Dairy Profile

Jake Mehr of Farming, Minnesota | Stearns County | 55 cows


How did you get into farming? I have been farming all my life. It’s in my blood. I moved back to the home farm in 2018 and am in the process of buying the farm.

What are the most significant ways your farm has changed since you started farming? I used to have a tumble mixer, and then, I switched to a total mixed ration. The cows now get the same ration every day. Since I made the switch, my components went up. It was a win-win situation. Last year, I bought an automatic bale loader that picks up bales by itself. I can pick up bales with one person. I bale, Dad picks up, and my brother, Paul, who has his own dairy farm, wraps. It’s so efficient. I don’t need two people to pick up bales.

What was a challenge you faced in your dairy farming career, and how did you overcome it? The volatile prices of milk compared to my inputs, like fuel and fertilizer. I try hard to maximize my inputs based on what I get on my milk price.

What is the best decision you have made on your farm? Buying the vertical spreader. It really does such a good job having a uniform spread on the field. I bought it three years ago, and I don’t have the windrows.

What are three things on the farm that you cannot live without? The skid loader, spreader, pasteurizer and TMR. I use the skid loader for scraping heifer fronts, loading the TMR and bedding. You can take my phone but not my skid loader. I really like the pasteurizer because it allows me to take the high somatic cell count cow out of the line and feed that milk to the calves. I have had it since 2014.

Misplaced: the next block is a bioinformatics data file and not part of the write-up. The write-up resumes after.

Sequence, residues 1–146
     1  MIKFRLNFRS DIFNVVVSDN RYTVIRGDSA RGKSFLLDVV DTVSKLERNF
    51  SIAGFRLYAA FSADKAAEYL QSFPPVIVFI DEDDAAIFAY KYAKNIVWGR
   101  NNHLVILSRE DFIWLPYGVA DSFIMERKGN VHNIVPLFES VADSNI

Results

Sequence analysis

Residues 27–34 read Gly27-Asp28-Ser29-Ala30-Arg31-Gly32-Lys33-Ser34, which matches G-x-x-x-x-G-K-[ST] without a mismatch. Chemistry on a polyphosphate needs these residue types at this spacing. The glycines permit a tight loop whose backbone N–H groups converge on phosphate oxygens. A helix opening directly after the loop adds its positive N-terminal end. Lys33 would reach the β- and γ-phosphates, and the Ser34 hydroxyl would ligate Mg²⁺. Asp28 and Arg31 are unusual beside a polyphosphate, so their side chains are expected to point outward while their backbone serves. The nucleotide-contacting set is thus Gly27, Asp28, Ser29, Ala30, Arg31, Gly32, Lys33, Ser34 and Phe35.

What are your thoughts and concerns about the dairy industry for the next year? I really hope the milk price comes up. I think that it will. Otherwise, you ride the reigns and hold tight. I was raised that if you don’t have the money, you don’t buy it.

What strategies do you use to withstand the volatile milk prices? I save and prepare for low milk prices. If you overspend, you are in trouble. When I buy, I try to have it all down. If I can’t, I don’t buy it.

How do you maintain family relationships while also working together? My dad, Vern, helps in the morning by cleaning the manger, washing the pipeline, helping bring in a new cow or heifer, or helping feed. He helps at night as well. I appreciate him coming around and try to say thank you.

What do you find most rewarding about dairy farming? I am my own boss. If I want to get someplace during the day, I can. I can organize my schedule to the way I need it. I am not tied to anyone else’s schedule. The flexibility is nice.

Tell us something special about your farm. I get to work with family on the farm. My brother farms 1 mile down the road, and my parents live across the road. I also have sisters in Rice, Minnesota and Albany, Minnesota, and the nieces and nephews are out to the farm at least once a week. Also, I’ve received a SCC award every year. I have always believed that if I am milking cows, I should have good-quality milk. I also receive better premiums. I get 70 cents for a SCC under 100,000, and that really adds up.

What are your plans for your dairy in the next year and five years? Keep farming. If the prices come back, I would like to upgrade some buildings, especially the dry cow facility.

How do you or your family like to spend time when you are not doing chores? I like to hang out with friends and play cards or other games. We also play the card game 500 as a family. I also like to drive my side-by-side on Sundays and look at the crops and take in nature, like going down to the river. I like to take in the little things in life.


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